Monthly Archives: June 2008

business as usual

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the diminishing value of being punctual

 I chanced upon the ‘template’ folder as I meddled with my wife’s brand new touch screen LG KF600 mobile phone, and came across the canned message which says “I am late.  I will be there at ____.”

 

So I looked up the list of canned messages in my two-year-old Nokia model, and voila! there it is, the same message.

 

This must be a frequently sent message for phone manufacturers to include it in the template. 

 

Has being late become the norm?  Or worse, are the societies starting to view punctuality as an outdated and irrelevant value?  I certainly feel it is increasingly the case.

 

The conservative few who still make the effort to be on time think that they do so out of respect and consideration.  Therefore to them, those others, by carelessly turning up late, do so at the expense of their (the punctual fellows’) time, convenience and goodwill.

 

 

don’t take peace for granted

 

Hamas and Israel start on a truce today.  One of those stories that repeat so often in the papers that they can hardly be classified as news.

 

This truce pertains to the Gaza Strip.  General skepticism over whether it will last is captured in Israeli Interior Minister Meir Sheetrit’s comment.  “The idea is a complete ceasefire – no fire from anyone… if there is any violation of the agreement, the government is free to return to act with full force.”, he said.

 

His emphasis that there should be ‘no fire from anyone’ underscores how unlikely it is for all not to fire.  Imagine persevering in a place like that!

 

In the civil environment that the rest of us live in, we swarm ourselves with various other concerns.  But if we pause to think about the constant terror and fear that common Palestinians and Israelis are subjected to, our daily concerns pale by comparison.

 

Peace is one of those things that we ought to be thankful for.

 

 

a man’s spirit sustains him

 Just this recent Sunday, my wife and I noticed this lady coming out of the driver’s side of a nice car, well made-up, sporting attire, bounce in her stride.

 

But for the knitted headwear covering a balded head, we did not guess that she is recovering from cancer. 

 

Her will to live out her life is inspiring.  My wife and I could not help but affirm the notion that a cheerful outlook and an appropriate fighting spirit would positively affect the outcome of any given trial.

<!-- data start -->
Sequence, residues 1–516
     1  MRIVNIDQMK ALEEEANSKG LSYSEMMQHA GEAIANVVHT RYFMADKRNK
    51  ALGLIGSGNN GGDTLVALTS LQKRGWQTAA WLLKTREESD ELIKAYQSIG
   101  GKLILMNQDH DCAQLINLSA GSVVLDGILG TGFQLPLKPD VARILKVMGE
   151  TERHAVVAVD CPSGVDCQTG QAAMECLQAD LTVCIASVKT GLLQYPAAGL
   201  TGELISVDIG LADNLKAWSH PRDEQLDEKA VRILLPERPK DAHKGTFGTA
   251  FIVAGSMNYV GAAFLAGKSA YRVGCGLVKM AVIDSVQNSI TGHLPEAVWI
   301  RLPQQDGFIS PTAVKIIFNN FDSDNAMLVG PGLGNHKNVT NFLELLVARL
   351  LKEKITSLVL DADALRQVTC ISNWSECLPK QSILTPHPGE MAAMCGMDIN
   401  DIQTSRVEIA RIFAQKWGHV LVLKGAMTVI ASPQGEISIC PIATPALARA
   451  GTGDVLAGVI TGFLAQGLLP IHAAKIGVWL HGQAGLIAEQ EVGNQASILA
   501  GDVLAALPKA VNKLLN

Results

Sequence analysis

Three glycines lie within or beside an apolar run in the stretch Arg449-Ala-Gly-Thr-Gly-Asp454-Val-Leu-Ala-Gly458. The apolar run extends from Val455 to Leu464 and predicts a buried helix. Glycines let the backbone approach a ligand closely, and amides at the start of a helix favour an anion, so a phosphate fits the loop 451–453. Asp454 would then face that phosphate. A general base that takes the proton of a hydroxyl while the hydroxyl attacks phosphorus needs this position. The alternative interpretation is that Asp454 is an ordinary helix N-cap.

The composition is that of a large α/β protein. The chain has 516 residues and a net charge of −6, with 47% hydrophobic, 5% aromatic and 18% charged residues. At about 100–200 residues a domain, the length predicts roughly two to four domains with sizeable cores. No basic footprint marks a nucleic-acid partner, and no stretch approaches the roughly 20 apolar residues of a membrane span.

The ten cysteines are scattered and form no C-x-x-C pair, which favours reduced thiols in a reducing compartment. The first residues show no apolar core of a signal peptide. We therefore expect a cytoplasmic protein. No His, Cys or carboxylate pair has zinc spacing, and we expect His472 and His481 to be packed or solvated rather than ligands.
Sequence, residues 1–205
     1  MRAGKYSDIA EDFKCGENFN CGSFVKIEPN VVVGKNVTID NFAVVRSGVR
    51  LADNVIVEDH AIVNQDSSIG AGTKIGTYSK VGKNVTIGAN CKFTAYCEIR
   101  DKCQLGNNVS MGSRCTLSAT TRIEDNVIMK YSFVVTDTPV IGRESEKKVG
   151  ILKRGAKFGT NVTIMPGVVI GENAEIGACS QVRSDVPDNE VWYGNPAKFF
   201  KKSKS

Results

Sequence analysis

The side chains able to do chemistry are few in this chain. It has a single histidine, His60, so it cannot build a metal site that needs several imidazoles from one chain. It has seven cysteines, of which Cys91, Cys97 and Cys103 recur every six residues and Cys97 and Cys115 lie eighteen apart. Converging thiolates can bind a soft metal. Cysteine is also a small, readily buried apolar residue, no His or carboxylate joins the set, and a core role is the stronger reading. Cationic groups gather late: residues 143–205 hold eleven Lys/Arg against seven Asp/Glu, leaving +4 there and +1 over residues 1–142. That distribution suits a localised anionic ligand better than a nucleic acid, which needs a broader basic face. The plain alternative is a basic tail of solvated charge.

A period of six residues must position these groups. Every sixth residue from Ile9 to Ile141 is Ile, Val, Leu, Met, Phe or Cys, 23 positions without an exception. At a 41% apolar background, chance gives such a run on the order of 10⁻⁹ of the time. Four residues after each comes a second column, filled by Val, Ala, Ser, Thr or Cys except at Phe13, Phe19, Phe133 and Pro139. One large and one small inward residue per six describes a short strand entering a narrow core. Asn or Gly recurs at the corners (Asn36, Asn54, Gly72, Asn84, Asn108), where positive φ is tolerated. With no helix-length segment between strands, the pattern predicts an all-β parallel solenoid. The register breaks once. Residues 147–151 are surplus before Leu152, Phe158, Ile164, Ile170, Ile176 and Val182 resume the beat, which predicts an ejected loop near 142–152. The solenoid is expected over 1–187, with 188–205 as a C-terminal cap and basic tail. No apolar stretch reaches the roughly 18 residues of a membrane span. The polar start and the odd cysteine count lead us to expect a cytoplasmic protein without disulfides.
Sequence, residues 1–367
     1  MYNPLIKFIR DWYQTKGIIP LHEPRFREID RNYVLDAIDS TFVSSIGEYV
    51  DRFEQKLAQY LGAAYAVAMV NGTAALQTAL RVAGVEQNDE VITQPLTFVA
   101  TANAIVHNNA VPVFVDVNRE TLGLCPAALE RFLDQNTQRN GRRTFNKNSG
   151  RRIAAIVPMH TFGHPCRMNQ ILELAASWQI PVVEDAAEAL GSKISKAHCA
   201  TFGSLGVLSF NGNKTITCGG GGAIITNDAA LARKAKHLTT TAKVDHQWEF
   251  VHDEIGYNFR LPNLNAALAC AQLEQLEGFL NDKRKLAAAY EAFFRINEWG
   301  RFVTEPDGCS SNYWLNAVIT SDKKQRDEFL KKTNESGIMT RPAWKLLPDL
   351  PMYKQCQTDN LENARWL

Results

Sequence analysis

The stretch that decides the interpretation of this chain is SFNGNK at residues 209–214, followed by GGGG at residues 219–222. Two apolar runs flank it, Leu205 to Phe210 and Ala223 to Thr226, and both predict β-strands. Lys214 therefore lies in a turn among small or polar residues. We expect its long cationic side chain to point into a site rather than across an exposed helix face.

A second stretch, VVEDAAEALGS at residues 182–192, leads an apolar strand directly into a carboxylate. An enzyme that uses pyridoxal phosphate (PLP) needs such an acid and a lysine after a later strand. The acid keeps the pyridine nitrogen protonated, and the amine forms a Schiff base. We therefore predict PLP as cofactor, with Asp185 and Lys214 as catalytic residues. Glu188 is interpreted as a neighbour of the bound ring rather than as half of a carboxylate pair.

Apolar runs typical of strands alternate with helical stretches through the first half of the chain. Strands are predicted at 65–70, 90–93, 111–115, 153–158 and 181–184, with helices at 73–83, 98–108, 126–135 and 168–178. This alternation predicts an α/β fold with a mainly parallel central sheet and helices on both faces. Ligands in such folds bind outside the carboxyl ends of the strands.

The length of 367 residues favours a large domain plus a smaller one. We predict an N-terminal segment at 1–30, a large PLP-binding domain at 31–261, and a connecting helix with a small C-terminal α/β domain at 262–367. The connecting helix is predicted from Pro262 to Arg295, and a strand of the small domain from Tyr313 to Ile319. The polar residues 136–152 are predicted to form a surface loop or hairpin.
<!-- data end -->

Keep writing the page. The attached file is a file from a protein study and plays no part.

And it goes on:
The Bible confirms as much in Proverbs 18:14:

“A man’s spirit sustains him in sickness, but a crushed spirit who can bear?”

exchanging food for energy (part II)

 It is interesting that Malaysia PM Abdullah Badawi urged participants of the World Economic Forum (WEF) to think again on the shift towards biofuel production (from food production).

 

Maybe he has neglected to look at his own backyard.

 

When 30 years ago, you got to enjoy paddy fields, buffaloes, kampongs, rubber plantations, tin mines, cliffs and forests along the country roads, today, you see nothing but palm oil plantations along the North-South Highway. 

 

On a flight from Singapore to KL, you will marvel at the endless sea of uniform palm greenery below.

 

Back in the 60’s, Malaysia was self-sufficient where rice was concern.  Today, it imports 30% of the staple grain. 

 

The ongoing food shortage is a wake up call.  That is where PM Badawi is coming from in his address to the WEF. 

 

His government has recently decided to encourage rice farming on a massive scale again.  It has identified the East Malaysian state of Sarawak for the purpose, and the state is supportive in providing more land.

 

Sound policy it is.  The next question then, is where the land will come from.  Will biofuel production hectares be converted, or will it involve clearing of more forests yet?

 

*related article here

 

 

obsession

 43-year-old Darius McCollum is obsessed with New York City’s public transit system.  

 

From the time he was 15, he had played the role of the helpful staff greeting commuters on their way.  He had taken initiative in clearing thrash from the tracks.  He had driven the buses and the trains. And he had helped put out underground fires.

 

He studiously documents his wealth of knowledge of the transit system.  A dedicated all-rounder, hands-on employee – except that he is not one.

 

The Metropolitan Transportation Authority (MTA) is so peeved with McCollum that they got him arrested for the 23rd time now for pretending to be a transit worker.

 

By now, however, the MTA should realize that putting him away doesn’t quench McCallum’s zeal. 

 

Isn’t there a better solution to MTA’s headache, such as offering McCallum employment?  Many other companies would grab up a worker like him.

only human

 In the same breath by which Sharon Stone made the karma remark on the Sichuan earthquake, she had proudly proclaimed the friendship she shares with the Dalai Lama.

 

The backlash against her (from the karma remark) has cost her royalties from endorsing Christian Dior’s skincare products in China, and the reputation she had toiled to build.

 

And it looks set to also cost her a friendship.

 

The Dalai Lama, in distancing himself from Sharon Stone, acknowledged that ‘I’ve met that lady’, but then ‘her particular sort of comment – that I don’t know.’

 

This goes to show that humans, regardless of who they are, are very pragmatic beings.